• Okay, do let us know.

          Steve Schwartzman

          January 9, 2015 at 6:15 PM

        • I haven’t worn polyester for years. Here in Houston, cotton, linen or silk are the ony way to go, as they are much cooler fabrics. There’s a ready supply of cotton clothing, although Made in USA is hard to find. Cotton is grown in south Texas and southwest Texas, too, and in great quantities.

          Cotton can deplete the soil, but no more than any other crop, from what I understand. In the Mississippi Delta, crimson clover often is used as a cover crop between cotton plantings, to put nitrogen and other nutrients back into the soil. Here’s a view of a Mississippi field planted in crimson clover, near the old Doro Plantation.


          January 10, 2015 at 8:14 AM

          • Thanks. All that information about cotton just bolls me over.

            The red clover that’s commonly planted along highways in east Texas (and elsewhere, from what you’ve said) isn’t native to North America, but I guess nitrogen is still nitrogen. I wonder if our native bluebonnets, which are in the same botanical family as clover, could serve the same nitrogen-replenishing purpose in cotton fields in Texas.

            Steve Schwartzman

            January 10, 2015 at 8:28 AM

            • A farmer who helped educate me on all this said that red clover and crimson clover are different. Red clover is often found in pastures, but crimson clover is the better cover crop. I haven’t explored the difference between the two.


              January 10, 2015 at 8:30 AM

            • I see. It’s a whole different world when you look at it with agriculture and livestock in mind.

              Now I’m reminded of the 1968 song in which “Crimson and clover, over and over” gets sung over and over.

              Steve Schwartzman

              January 10, 2015 at 5:55 PM

          • Thank you for this information and the link to the photo of clover, which is quite lovely, too. Do you know what happens to cotton grown in Texas? Is the raw cotton sent to China or someplace to be made into cotton thread, fabric and clothing? Here in Victoria, BC, we can buy cotton clothing, towels and sheets, but it often has some synthetic content. If it’s 100% cotton, it is sometimes labelled “Egyptian cotton”. Silk from China was abundant at one point (mid-1990’s), but I don’t see it much anymore. I don’t see linen at all, but maybe I need to look in higher-end shops. 🙂


            January 11, 2015 at 1:14 PM

            • It seems that in 2012, the total value of the Texas cotton crop was $2.2 billion. Exports of cotton fiber and seed accounted for $1.6 billion. I suspect the bulk of the exports went to Central and South America, but I don’t know that for sure.I’m only assuming so because so much of the cotton clothing I buy is made there.

              I think to be labeled “Egyptian cotton,” the product actually has to have been sourced from cotton grown in Egypt. It’s what’s known as long staple cotton. The fibers are very long, which gives it a great luster and a softer hand. It has a price tag to go with it, of course. I just looked at some 1500 count Egyptian cotton sheet sets. As we say in Texas, they sure are proud of those things.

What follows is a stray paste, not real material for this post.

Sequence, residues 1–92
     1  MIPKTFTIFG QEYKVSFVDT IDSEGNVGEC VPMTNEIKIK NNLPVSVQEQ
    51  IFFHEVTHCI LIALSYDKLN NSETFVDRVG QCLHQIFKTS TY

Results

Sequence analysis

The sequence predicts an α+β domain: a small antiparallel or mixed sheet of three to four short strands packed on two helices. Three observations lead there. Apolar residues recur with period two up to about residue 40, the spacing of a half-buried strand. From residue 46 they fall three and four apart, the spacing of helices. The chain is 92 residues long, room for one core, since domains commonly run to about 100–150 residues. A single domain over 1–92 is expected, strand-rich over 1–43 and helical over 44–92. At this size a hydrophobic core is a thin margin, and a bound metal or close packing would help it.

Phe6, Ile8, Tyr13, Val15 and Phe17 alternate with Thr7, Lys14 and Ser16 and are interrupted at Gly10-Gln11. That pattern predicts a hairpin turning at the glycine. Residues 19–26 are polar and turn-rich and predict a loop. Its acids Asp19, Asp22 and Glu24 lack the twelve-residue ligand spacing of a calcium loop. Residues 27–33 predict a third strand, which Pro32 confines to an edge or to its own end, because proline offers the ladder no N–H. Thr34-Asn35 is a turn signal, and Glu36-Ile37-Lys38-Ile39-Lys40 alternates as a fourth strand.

January 11, 2015 at 2:09 PM

  5. In the first photo in the Wiki article, the cotton could be mistaken for a marshmallow tree. 😀


    January 10, 2015 at 6:19 AM

  6. I was looking at a photo of okra this morning, and suddenly thought, “I believe I recognize that.” Indeed, I did. The scientific name of the okra is Abelmoschus esculentus, and it’s a member of the mallow family. I never would have associated okra, cotton, hibiscus and mallows (including the marsh mallow) but related they are.

    Not only that, the same qualities that make okra distasteful to some people have made the confection known as marshmallow possible.


    January 10, 2015 at 8:41 AM

    • The magic word appears to be mucilaginous. I wonder if okra makes for good glue.

      Growing up as a suburban/urban person, I had no idea what most of the plants that give us our vegetables or our natural fibers look like, and I often still don’t. It’s always a revelation when I learn a relationship like the one you mentioned among okra, cotton, hibiscus and mallows.

      Steve Schwartzman

      January 10, 2015 at 9:23 AM

  7. Beautiful detail, Steve. I have a particular fondness for white flowers with touches of pink, as if they are blushing.


    January 10, 2015 at 10:55 AM

  8. This is a lovely, subtle little flower. I think I like the shadow in the center of it. And I find the very round shape of it to be almost unusual although this wouldn’t necessarily be so in flowers, there’s just something about it…


    January 10, 2015 at 2:20 PM

  9. I was going to say it looks exactly like a mallow! Cotton, huh?


    January 15, 2015 at 4:28 PM